DIXON – Lee County plans to balance a projected $1 million budget deficit with wind farm revenue and capital funds.
The county is bringing in about $500,000 in one-time money from wind farm zoning fees, and plans to transfer about $560,000 from the capital project fund, which the county has used for years to help offset red ink in the budget.
The County Board put its fiscal year 2020 budget on file this week and will vote to approve it next month. Its general fund is estimated to bring in about $10.75 million in revenue and $10.73 million in expenses.
Finance Committee Chairman Bob Olson said they’re basically using the capital fund as a savings account to balance the budget, and the main problem comes from decreased revenue from the landfill.
Revenue at the landfill, owned by Republic Services, has steadily declined during the past several years, following the end of the 5-year contract the county had with Republic’s predecessor, Allied Waste, when the county received $1.8 million a year.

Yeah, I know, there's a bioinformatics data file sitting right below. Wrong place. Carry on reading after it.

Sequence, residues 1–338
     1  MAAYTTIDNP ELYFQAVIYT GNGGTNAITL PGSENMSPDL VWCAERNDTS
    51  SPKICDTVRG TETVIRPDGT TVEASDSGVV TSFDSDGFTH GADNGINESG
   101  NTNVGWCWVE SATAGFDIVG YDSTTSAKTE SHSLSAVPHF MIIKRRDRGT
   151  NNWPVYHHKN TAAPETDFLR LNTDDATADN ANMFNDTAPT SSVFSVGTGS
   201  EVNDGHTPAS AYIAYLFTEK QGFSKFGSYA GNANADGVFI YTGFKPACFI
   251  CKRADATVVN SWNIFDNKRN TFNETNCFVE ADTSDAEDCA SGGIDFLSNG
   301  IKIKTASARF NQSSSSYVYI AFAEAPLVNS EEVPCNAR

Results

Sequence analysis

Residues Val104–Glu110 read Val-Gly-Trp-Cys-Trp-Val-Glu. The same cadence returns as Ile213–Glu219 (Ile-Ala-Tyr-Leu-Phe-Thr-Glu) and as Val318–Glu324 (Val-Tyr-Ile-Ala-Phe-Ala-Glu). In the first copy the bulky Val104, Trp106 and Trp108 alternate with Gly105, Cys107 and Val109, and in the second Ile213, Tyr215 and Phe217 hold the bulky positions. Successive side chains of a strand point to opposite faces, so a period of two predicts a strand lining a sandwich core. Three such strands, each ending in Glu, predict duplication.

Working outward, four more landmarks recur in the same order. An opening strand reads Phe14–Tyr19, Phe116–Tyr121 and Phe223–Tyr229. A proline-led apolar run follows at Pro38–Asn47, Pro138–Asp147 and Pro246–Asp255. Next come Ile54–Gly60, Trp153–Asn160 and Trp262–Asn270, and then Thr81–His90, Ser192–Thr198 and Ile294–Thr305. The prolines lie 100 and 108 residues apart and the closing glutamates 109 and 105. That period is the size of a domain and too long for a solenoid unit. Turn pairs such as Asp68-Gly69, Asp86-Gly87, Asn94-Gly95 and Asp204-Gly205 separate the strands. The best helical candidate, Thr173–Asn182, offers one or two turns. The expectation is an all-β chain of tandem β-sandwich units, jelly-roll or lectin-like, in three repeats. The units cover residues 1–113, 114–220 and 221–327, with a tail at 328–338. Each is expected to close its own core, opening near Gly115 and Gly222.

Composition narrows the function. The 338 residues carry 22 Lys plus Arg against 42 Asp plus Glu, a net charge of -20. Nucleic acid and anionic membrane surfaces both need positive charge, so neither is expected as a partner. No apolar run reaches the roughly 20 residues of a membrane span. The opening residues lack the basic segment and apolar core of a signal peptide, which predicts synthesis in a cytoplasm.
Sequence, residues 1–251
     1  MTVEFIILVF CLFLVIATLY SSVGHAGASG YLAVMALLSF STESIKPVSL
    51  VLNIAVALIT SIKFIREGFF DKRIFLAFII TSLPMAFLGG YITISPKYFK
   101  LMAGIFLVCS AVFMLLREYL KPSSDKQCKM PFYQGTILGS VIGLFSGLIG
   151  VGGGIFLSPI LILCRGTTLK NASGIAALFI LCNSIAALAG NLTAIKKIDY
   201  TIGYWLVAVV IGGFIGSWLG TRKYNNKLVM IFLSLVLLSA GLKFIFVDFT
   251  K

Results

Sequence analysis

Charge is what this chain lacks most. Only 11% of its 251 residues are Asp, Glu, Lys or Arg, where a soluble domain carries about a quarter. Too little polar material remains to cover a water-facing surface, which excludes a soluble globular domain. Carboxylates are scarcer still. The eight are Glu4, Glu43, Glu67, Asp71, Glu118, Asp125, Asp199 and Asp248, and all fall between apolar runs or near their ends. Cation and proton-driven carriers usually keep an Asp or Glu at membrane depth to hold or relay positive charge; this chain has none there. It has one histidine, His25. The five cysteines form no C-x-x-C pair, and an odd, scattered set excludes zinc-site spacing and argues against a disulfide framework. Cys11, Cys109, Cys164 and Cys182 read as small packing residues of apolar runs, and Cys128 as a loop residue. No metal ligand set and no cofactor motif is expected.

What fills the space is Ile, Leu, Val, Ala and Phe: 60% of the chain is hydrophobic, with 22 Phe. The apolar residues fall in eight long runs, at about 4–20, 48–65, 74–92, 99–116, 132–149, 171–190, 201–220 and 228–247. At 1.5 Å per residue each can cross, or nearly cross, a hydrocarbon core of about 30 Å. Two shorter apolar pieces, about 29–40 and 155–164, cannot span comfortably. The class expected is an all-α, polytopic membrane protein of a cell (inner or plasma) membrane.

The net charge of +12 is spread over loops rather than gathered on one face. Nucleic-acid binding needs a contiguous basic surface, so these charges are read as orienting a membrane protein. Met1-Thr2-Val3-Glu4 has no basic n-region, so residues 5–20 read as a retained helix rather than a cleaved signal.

The county has been budgeting about $200,000 in projected landfill revenue the past couple of years, and Olson said they’re making more than $700,000 less in landfill revenue than 2015.
A few increases in expenses are from a net increase of three and a half staff members, including two additional correctional officers for the new Lee County Law Enforcement Center and a full-time hire for the animal control, County Treasurer Paula Meyer said.